Also, city sign ordinance up for review, again
By Jeff Simms
The Beacon City Council is expected on Monday, June 3, to confirm Anna Russell, a marketing and public affairs professional who specializes in clean energy initiatives, as the city’s first Climate Smart Communities coordinator.
The coordinator will help Beacon officials organize and implement the various projects that will earn the city credit toward certification in the state’s Climate Smart initiative. That, in turn, will move Beacon closer to the front of the line for a share of Department of Environmental Conservation grants for climate-resilient projects.
If achieved, certification could pay off well. Last year, the DEC made more than $9 million in climate funding available to municipalities in New York; of the 261 communities registered for the Climate Smart program (including Philipstown, Nelsonville and Cold Spring), only 20 have achieved bronze certification, with four others certified silver.
The council also is expected on Monday to name its volunteer Conservation Advisory Committee as the task force for the Climate Smart Communities program, which will work with the climate coordinator.
If her hire is approved, Russell will work 30 hours per month at $25 per hour. The 2018 Nyack College graduate lives in Beacon and is a deputy account manager with Arch Street Communications, based in White Plains.
The council on Monday will hold another public hearing — the fifth since November — to discuss revisions to its sign ordinance.
Signage regulations have vexed the council for more than a year. In June 2018, city attorneys indicated that Beacon’s then-law was likely unconstitutional. That conclusion was presented while the city sparred with Jason Hughes, a Hanna Lane property owner who argued he was being targeted for politically themed, oversized signs he’d hung (and continues to hang) from a warehouse he owns that faces Route 52 and Memorial Park.
Earlier this month, Hughes took the council and City Attorney Nick Ward-Willis to task during a hearing, alleging that 20 other buildings on Main Street were in violation of the code in 2017 and 2018 but went unchallenged, while he was summoned to criminal court twice.
The version of the law up for public comment on Monday includes a number of changes from the previous draft, such as prohibiting all inflated signs and projected images while permitting wind-animated banners for commercial uses along Route 52 and Route 9D. The draft also includes guidelines for digital signs such as gas station price boards.
Green Street upgrades
Work was set to begin this week at Green Street Park, where contractors are rehabbing the corner of Prospect and Union streets.
Beacon was also awarded $60,000 by the county last month to install play structures that integrate the natural environment and will be accessible for “multiple populations,” Recreation Director Mark Price told the City Council this week.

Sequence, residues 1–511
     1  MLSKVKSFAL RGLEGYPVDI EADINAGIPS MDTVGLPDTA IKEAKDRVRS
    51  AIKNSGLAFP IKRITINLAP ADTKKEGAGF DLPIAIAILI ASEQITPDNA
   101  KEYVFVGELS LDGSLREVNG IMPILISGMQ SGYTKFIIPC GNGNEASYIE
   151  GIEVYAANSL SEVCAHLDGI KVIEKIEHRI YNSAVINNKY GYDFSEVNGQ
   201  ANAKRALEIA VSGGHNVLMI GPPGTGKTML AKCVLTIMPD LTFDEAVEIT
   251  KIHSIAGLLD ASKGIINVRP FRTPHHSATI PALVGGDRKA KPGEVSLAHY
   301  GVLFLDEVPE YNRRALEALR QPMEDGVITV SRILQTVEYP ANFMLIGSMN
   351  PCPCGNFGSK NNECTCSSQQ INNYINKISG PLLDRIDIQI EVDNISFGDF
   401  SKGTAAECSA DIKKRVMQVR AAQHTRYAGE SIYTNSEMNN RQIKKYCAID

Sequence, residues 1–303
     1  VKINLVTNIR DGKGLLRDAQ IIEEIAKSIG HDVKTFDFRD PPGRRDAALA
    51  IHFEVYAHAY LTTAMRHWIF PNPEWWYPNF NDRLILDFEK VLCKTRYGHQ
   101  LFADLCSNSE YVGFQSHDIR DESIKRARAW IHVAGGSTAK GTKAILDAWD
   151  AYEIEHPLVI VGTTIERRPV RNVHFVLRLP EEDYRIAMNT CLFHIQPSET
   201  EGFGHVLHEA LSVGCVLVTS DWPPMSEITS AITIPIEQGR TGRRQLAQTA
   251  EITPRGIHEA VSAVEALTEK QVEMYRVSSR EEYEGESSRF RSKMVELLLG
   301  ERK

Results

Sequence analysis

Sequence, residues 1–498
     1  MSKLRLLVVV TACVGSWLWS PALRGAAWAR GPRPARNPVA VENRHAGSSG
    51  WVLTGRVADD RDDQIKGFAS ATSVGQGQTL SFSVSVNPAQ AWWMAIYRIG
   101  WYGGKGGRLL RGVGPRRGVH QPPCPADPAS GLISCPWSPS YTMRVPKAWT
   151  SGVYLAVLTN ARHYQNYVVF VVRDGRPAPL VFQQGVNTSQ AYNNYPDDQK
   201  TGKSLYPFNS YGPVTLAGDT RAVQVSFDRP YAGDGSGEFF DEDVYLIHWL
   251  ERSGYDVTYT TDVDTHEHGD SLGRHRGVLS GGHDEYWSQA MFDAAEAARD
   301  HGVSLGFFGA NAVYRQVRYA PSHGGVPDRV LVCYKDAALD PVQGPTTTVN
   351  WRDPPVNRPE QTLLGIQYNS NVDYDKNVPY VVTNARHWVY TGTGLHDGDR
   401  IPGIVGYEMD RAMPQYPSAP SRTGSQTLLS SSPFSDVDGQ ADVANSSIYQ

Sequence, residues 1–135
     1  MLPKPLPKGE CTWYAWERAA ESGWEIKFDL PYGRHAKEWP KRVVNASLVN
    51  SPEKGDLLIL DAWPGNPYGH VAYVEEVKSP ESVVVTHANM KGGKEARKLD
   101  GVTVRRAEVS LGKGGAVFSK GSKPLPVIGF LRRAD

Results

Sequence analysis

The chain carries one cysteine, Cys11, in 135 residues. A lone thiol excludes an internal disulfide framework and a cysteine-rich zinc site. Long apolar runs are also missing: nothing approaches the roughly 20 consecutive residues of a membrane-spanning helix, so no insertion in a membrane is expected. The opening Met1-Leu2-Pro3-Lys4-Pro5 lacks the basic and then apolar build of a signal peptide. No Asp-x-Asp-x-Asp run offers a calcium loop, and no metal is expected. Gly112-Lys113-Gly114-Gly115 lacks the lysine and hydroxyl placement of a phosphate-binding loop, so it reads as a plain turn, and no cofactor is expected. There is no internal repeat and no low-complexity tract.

The city continues to develop a master plan for upgrades at the park. One idea is a “bicycle highway” that would extend around the park perimeter where children could learn to ride, Price said.
Council members on May 28 postponed consideration of a resolution that could have been interpreted as opposing a proposal by Danskammer Energy to build a fast-starting, air-cooled facility to replace its nearly 70-year-old natural gas-powered plant in Newburgh. The new plant would still use natural gas but its emissions would be cut significantly, Danskammer officials say.
If approved, the company says the facility will provide energy for about 500,000 homes and businesses and complement the state’s increased usage of renewable energy sources. But a number of environmental groups have cautioned Beacon and other nearby municipalities regarding impacts.
The resolution does not explicitly oppose Danskammer’s proposal but urges Gov. Andrew Cuomo and the state Public Service Commission to consider the public health and environmental concerns raised by groups such as Scenic Hudson.
Several council members noted, however, that the state should already be aware of those concerns. “Isn’t that part of their job? I don’t know why we have those [state] boards if it’s not part of their jobs to do what we’re asking them to do,” said Mayor Randy Casale.
Danskammer asked the Public Service Commission last year for permission to rebuild its facility. The state is in the middle of a review of the proposal, which involves conducting studies on potential impacts and holding public hearings. Danskammer says construction of the new plant would take 30 months.
This is actually a paid job? What a joke. A waste of money — political.
It is a part-time job so not a drain on city finances, and a bargain for the good it will do. Don’t worry — your property taxes won’t be affected, except in a good way.